Walk Tall!

Reclaiming the streets: a vision of a happier, healthier Mumbai


For tens of thousands, it is a vision of a better, happier and healthier city. If on a week day, pedestrians can barely navigate this traffic-congested, hawker-infested, heavily polluted stretch in Mumbai’s swank suburb of Bandra, for the last three Sunday mornings these few kilometres of Linking Road have become a road of their own.

India’s commercial capital is one of the most crowded cities in Asia, where pedestrians lose out to cars every time. But now, through a new community initiative that aims to reclaim public spaces in Mumbai swallowed by motorists, hawkers and illegal encroachments, no cars are allowed on one 6.5-kilometre stretch just to the north of the old centre of the city between 7 and 11 am on Sundays.

Instead of snarling traffic, there are local people with their bicycles, skateboards, yoga mats and footballs. Children make chalk drawings on the roads, senior citizens settle for a comfortable round of carrom, a local board game, while a folk singer has housewives clapping along to a energising beat.

The initiative is part of the Equal Streets movement, promoted by a group of 15 non-government organisations. It aims to focus government attention on the lack of footpaths, increasing priority given to motorised traffic and resultant road rage, accidents and pollution. So far, the authorities have been supportive. A force of 500 policemen ensured that the cleared stretch stays car free, helps divert traffic and even guides visitors to the various activities that make for the carnival like atmosphere.

One newcomer last week was teenager Sakshi Jethwa, who had travelled more than 10 kilometres on Sunday to rent a bicycle and ride around Linking Road with her friends.

“I have never been able to cycle so freely all my life, taking breaks whenever I like and without worrying about cars speeding next to me,” she said.

As in all Indian cities, the number of vehicles in Mumbai has soared, with a 55% increase in just seven years. In 2013-14 alone, 50,000 cars and 94,000 “two-wheelers”, as motorbikes are known locally, took to the roads.

And if major infrastructure projects – flyovers, the famous sea link, the Metro rail and monorail projects – have been launched, pedestrian infrastructure has largely been overlooked.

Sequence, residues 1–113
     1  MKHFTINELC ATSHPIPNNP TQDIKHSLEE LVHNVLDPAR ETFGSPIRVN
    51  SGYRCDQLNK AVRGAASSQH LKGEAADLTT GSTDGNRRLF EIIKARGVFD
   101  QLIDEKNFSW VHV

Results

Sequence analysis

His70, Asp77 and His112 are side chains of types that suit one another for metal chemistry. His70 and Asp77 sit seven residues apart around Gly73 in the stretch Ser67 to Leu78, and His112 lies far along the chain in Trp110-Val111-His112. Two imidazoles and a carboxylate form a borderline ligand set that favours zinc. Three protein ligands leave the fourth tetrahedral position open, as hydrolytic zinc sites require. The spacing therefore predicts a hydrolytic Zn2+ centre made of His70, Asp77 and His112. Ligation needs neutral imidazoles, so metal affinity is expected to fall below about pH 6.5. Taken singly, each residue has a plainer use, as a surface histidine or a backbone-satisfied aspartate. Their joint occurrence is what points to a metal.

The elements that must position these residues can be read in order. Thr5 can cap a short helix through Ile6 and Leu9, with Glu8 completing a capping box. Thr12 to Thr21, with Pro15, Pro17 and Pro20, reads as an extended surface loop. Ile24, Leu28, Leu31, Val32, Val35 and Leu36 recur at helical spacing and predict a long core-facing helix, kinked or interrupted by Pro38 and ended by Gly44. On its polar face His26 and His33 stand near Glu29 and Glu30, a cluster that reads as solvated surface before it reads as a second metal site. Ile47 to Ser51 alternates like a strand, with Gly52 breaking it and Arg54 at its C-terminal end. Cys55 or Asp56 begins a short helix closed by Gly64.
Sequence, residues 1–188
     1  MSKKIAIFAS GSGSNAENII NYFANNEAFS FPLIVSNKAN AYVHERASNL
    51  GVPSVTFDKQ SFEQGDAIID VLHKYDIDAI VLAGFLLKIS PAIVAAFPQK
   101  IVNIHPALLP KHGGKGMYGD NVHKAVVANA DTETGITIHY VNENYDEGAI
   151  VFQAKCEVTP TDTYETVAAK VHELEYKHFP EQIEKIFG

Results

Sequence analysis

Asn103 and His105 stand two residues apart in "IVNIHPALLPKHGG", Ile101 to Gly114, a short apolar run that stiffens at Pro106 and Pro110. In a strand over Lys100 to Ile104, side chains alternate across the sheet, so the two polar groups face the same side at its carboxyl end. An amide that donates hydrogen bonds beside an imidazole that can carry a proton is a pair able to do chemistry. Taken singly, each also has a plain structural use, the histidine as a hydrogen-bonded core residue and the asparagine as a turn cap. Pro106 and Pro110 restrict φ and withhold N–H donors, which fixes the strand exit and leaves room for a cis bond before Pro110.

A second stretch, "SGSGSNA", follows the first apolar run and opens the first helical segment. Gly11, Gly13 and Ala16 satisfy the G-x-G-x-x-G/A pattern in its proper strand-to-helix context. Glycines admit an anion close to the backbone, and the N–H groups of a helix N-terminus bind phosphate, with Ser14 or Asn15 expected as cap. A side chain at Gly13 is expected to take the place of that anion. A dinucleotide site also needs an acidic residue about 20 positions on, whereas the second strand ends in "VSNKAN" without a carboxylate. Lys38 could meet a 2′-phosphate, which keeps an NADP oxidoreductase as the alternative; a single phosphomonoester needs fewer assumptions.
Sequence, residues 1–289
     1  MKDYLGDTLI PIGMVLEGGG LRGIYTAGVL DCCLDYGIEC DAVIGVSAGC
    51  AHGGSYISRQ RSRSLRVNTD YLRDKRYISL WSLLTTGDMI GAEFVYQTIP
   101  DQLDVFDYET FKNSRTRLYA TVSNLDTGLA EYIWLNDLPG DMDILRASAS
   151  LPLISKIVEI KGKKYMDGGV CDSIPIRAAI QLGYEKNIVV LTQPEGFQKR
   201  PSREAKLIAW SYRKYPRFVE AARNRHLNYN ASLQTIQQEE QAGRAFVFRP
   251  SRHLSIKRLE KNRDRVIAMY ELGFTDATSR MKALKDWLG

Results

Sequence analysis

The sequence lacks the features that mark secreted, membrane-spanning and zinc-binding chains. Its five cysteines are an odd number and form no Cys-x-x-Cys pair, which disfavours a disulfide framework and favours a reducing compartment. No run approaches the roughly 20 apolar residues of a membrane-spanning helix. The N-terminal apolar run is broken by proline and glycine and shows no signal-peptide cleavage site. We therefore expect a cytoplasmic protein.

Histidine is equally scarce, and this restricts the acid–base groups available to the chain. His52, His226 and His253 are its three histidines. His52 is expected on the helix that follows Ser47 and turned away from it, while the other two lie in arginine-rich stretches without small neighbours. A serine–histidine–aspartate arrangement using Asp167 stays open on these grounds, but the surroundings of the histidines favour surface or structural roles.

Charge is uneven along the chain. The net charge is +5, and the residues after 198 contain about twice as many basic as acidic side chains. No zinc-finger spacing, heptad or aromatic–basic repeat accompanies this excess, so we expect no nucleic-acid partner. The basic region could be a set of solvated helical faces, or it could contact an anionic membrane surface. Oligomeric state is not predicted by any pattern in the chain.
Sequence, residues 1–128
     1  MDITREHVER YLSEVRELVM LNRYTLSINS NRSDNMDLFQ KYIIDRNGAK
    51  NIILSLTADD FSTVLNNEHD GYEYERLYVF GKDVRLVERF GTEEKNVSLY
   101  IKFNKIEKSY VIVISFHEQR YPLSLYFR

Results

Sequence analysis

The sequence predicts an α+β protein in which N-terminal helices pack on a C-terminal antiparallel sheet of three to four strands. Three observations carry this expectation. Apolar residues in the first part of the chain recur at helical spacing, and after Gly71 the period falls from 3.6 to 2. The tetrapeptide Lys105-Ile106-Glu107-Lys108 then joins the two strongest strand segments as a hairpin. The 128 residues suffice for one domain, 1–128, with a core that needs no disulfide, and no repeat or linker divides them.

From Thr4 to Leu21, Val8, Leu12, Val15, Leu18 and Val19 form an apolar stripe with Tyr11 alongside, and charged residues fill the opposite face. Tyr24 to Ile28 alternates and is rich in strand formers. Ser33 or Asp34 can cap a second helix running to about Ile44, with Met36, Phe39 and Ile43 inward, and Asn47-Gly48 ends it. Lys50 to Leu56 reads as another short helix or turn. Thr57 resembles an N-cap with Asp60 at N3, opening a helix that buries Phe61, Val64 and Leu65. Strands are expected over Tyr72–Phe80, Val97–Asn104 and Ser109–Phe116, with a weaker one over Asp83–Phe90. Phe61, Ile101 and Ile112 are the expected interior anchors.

The new Equal Streets initiative was inspired by a project in Bogotá, Colombia where a similar experiment has rapidly resulted in better public transport, cycling and walking infrastructure and dedicated walking grids.

“Colombian cities like Bogotá, Cali and Medellin have shown the way where major arteries are thrown open to people every Sunday [morning]. It is for this very reason that this movement is known as Ciclovía, Spanish for “cycleway”, which, for a change, prioritises this modest mode of transport,” says the Equal Streets vision statement.

The initiative helped transform the negative global perception of Bogotá from drug-wars and crime to that of a world leader in the field of sustainable transport, experts say.

Embarq India, one of the main forces behind the venture, has already pioneered a similar project in Gurgaon, a satellite city of New Delhi, the Indian capital. The project, launched a year ago, has resulted in permanent infrastructure being built, including cycle lanes and walking tracks. More than 30,000 citizens turn up every Sunday to take over an 11 kilometre stretch of road.

The idea is catching. The experiment has already been tried in other Indian cities including Ahmedabad, Bhopal and Navi Mumbai, and will soon be trialled in Bangalore, Hyderabad and Pune.

“The culture of pedestrianisation has always existed in [Mumbai],” said Binoy Mascarenhas, Embarq India’s manager for urban transport. “It’s always been an invisible mode of transport, we just need to bring it back to the mainstream from the backburner,” he said.